There is only one happiness in this life, to love and be loved.
— George Sanders
It is 1956 and a drop-dead blonde (Marilyn Monroe) is working in a café bus stop in Montana. A stubborn cowboy tries to get the drop-dead blonde to get married and move to his ranch. They made a movie of the bus stop, the blonde and the cowboy.
Now, back in the real world there is a real-life drop-dead blonde waiting on the side of old U. S. 431 North near Duke to get to her job. A bus-driving “cowboy” stops, backs up with:
“You wanta ride?”
She was headed for work at the Trailways ticket counter in Anniston.
The bus-driving “cowboy” was my uncle, George David Cobb. Jr.
That first meeting didn’t register all that much on the Richter scale, but time changes everything and on June 26, 1946, he talked Lois Phillips into holy matrimony ... and brought her into my life.
I was 12 at the time and already appreciated beauty. While I don’t recall the exact date I met her I do remember thinking:
“Where did he get her?”
I also remember:
“Hello, George Houston. I’m your new aunt. My name is Lois.”
With that there is also the remembrance of the warmth in her first hug, a warmth I have enjoyed for the past 72 years, a warmth that I felt again in a hug and an “I love you” this past Sunday at her 95th birthday celebration at her daughter’s home.
If you would like the condensed version of all that, it’s simple: The blonde who lives and loves at my house wasn’t my first blonde who lived in my family and gave unconditional love ... to all.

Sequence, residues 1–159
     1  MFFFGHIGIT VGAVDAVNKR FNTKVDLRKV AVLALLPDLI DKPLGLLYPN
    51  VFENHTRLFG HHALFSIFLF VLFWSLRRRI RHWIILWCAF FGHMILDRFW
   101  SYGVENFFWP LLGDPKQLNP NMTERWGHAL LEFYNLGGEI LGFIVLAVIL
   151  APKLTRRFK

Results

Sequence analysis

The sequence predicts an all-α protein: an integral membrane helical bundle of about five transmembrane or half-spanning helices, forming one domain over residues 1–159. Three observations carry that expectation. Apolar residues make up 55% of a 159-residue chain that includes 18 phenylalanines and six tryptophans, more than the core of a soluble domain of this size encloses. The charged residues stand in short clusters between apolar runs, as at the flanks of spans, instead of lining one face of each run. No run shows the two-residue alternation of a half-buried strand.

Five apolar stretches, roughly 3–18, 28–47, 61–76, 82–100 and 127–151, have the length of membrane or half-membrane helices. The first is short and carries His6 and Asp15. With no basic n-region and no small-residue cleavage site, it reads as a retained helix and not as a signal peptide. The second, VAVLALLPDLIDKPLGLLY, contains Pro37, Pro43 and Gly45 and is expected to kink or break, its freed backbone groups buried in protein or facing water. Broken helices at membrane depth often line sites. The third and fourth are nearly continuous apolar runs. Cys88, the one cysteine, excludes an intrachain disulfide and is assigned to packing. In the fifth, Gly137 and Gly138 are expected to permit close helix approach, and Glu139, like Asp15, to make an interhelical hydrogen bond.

Quiet and soft-spoken to a fault, my Aunt Lois still has that wavy blonde hair and still loves the “cowboy” she lost to a heart attack on Aug. 30, 2000.
In those 54 years, Lois Phillips Cobb was a true “Steel Magnolia.”
The “cowboy” was gone a lot, hustling his own 18-wheeler all around the South for Deaton Truck Lines.
Lois Phillips Cobb worked, birthed and raised two kids, kept her mother and the “cowboy’s” mother in her home at the same time for many years. I asked her one time how she managed that.
In her soft voice came:
“Oh, it worked out all right. Mrs. Cobb took care of the cooking and my mother took care of the kids.”
But it was also my Aunt Lois who took care of a big strawberry roan horse her “cowboy” loved to ride. When he was home, he and “Ol’ Salem” spent a lot of time checking out the farm.
I have a memory there of the night a neighbor called and said “Ol’ Salem” was at his place.
We went for “Ol’ Salem.” I crawled up to ride him home. My dear Aunt Lois drove away and somewhere in the middle of the night “Ol’ Salem” threw me off in a briar patch and went on alone.
And it was Lois Phillips Cobb’s pencil that kept the family’s finances on even keel, including doling out the money her “cowboy” had to spend for food and lodging when on the road.
She also worked full time at Moore Printing in Heflin.
In the years her two kids were in school at Heflin High, she was involved in the band, says daughter Donna:
“Whatever was needed, whatever was asked, she was always, always there.”
There was so much more she did, not the least of learning from my grandmother how to make chicken dumplings. In my adult years, I can’t count the times I wound up at their house on Sunday ... for my grandmother’s chicken dumplings made by my Aunt Lois.
And she’s still a beauty, still has that wavy blonde hair, is still soft-spoken, and still wraps all around her in a warmth of forever love.
Love you, sweetheart ... and thank you ... forever ‘n forever.
George Smith can be reached at 256-239-5286 or email: firstname.lastname@example.org